The CCM emphasises that implementation of the six components of the model is required to achieve high-quality healthcare for patients with chronic diseases because of its supporting synergistic effects. The advantages, however, of implementing these multiple components rather than a single one have yet to be elucidated (Tsai et al., 2005). In the literature, self-management, decision support, and clinical information systems have been found to be associated with better outcomes and processes (Tsai et al., 2005; van Lieshout et al., 2012a, 2012b). In contrast, there has been less research focused on the relationship between community resources and patients with chronic illness. Our results appear to suggest that community resources were not linked to the quality of clinical process and intermediate patient outcomes in CHD patients. This finding may be related to the wide implementation in Spain of most of the CCM elements (van Lieshout et al., 2010) and the fact that patients with established cardiovascular disease probably already received a relatively high amount of support and counselling.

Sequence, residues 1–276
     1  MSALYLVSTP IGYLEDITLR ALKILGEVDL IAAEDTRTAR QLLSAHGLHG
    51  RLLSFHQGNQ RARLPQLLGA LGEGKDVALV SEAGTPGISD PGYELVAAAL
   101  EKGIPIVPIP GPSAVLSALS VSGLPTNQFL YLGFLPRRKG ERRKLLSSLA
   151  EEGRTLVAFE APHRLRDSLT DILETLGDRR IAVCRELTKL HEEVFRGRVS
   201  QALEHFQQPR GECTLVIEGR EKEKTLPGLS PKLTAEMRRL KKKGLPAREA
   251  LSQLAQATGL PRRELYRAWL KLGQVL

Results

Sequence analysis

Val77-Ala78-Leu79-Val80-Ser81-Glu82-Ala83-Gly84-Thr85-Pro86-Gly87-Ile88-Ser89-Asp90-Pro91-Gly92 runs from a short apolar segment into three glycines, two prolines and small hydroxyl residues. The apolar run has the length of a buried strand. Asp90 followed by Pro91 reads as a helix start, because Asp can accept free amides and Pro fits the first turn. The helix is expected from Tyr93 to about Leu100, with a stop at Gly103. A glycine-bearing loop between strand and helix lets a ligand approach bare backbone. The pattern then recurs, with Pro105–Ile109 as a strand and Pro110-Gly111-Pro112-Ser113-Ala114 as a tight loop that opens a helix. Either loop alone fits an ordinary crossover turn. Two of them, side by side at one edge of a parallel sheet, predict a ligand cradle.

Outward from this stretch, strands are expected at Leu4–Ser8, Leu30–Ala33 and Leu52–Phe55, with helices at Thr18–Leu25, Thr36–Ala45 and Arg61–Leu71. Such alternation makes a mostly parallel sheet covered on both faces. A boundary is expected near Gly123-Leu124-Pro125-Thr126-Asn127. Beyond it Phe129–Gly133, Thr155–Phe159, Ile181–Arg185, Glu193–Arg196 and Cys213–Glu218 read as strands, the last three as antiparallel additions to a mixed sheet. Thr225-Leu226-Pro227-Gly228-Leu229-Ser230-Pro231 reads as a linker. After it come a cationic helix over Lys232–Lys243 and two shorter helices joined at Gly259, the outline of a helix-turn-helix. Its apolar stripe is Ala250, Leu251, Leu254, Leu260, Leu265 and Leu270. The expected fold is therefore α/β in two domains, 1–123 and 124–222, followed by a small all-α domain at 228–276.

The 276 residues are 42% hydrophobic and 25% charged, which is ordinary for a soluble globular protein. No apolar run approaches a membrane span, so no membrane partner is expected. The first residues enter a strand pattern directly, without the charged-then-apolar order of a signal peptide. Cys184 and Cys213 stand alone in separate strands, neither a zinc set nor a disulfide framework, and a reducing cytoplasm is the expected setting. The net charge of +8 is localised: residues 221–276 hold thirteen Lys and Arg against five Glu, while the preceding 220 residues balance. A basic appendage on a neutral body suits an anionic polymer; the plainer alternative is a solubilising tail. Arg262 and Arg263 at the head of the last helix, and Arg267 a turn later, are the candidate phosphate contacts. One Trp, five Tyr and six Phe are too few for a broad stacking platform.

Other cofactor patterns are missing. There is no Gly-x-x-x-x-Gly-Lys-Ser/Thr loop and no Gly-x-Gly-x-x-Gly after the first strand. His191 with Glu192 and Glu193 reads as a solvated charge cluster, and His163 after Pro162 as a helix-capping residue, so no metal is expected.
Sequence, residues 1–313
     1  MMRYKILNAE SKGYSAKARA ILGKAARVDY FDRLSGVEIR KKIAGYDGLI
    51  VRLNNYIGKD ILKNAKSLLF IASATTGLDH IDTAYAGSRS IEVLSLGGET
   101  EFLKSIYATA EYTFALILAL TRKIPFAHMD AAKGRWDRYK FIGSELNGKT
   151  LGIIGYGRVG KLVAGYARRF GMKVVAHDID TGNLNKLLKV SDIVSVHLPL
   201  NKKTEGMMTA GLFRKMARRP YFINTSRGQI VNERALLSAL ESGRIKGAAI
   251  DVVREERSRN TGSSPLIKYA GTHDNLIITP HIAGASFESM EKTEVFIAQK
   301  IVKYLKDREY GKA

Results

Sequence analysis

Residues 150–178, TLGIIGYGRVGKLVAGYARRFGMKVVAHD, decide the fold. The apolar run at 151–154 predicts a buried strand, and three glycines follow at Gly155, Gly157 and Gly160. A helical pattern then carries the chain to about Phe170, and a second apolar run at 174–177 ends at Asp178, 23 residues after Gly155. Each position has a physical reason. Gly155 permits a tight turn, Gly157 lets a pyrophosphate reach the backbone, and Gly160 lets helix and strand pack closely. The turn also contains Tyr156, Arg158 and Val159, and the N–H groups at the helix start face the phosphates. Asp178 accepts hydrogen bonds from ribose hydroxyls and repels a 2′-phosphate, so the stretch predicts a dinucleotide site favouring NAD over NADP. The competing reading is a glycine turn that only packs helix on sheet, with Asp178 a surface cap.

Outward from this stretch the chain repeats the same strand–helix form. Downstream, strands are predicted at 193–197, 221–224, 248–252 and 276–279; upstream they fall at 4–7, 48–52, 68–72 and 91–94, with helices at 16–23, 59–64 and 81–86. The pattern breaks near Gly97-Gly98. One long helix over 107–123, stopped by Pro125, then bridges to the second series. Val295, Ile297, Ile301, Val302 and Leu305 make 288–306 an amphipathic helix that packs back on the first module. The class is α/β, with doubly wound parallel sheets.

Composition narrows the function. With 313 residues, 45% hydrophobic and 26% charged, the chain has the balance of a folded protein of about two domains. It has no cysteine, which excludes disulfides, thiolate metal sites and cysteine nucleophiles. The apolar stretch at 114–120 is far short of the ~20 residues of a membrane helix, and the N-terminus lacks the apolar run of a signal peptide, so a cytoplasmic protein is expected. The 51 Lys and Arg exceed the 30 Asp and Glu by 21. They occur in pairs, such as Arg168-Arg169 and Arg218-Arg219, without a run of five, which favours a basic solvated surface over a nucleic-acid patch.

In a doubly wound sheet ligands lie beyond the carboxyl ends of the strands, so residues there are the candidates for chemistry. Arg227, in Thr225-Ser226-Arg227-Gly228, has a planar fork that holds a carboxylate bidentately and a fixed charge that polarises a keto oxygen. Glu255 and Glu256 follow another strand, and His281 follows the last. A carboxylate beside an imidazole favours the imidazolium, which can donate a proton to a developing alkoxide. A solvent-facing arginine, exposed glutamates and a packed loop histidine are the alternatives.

Community programmes for enhancing healthy lifestyles in primary care have not been uniformly successful (Ebrahim and Smith, 1997). For instance, in Europe, two primary care-based community interventions aimed at lifestyle improvement for patients at cardiovascular risk found contrasting results. One, a Dutch study (Lakerveld et al., 2012), reported no effects on determinants of behavioural change. The other, however, a Swedish trial, observed positive effects (decreased body weight, waist and hip circumference, BMI, waist–hip ratio, systolic and diastolic blood pressure, triglycerides, and glycosylated haemoglobin) (Eriksson et al., 2006). In an Australian study, no clear benefits were reported for blood lipids, diet, or BMI from patients at cardiovascular risk participating in an intensive programme that required considerable time commitment from nurse/counsellors with respect to the routine care provided by concerned FPs (Woollard et al., 2003). On the other hand, in the USA, a community health worker-based programme was successful in reducing 10-year CHD risk and improving dietary patterns, weight, blood pressure, and cholesterol levels (Krantz et al., 2013).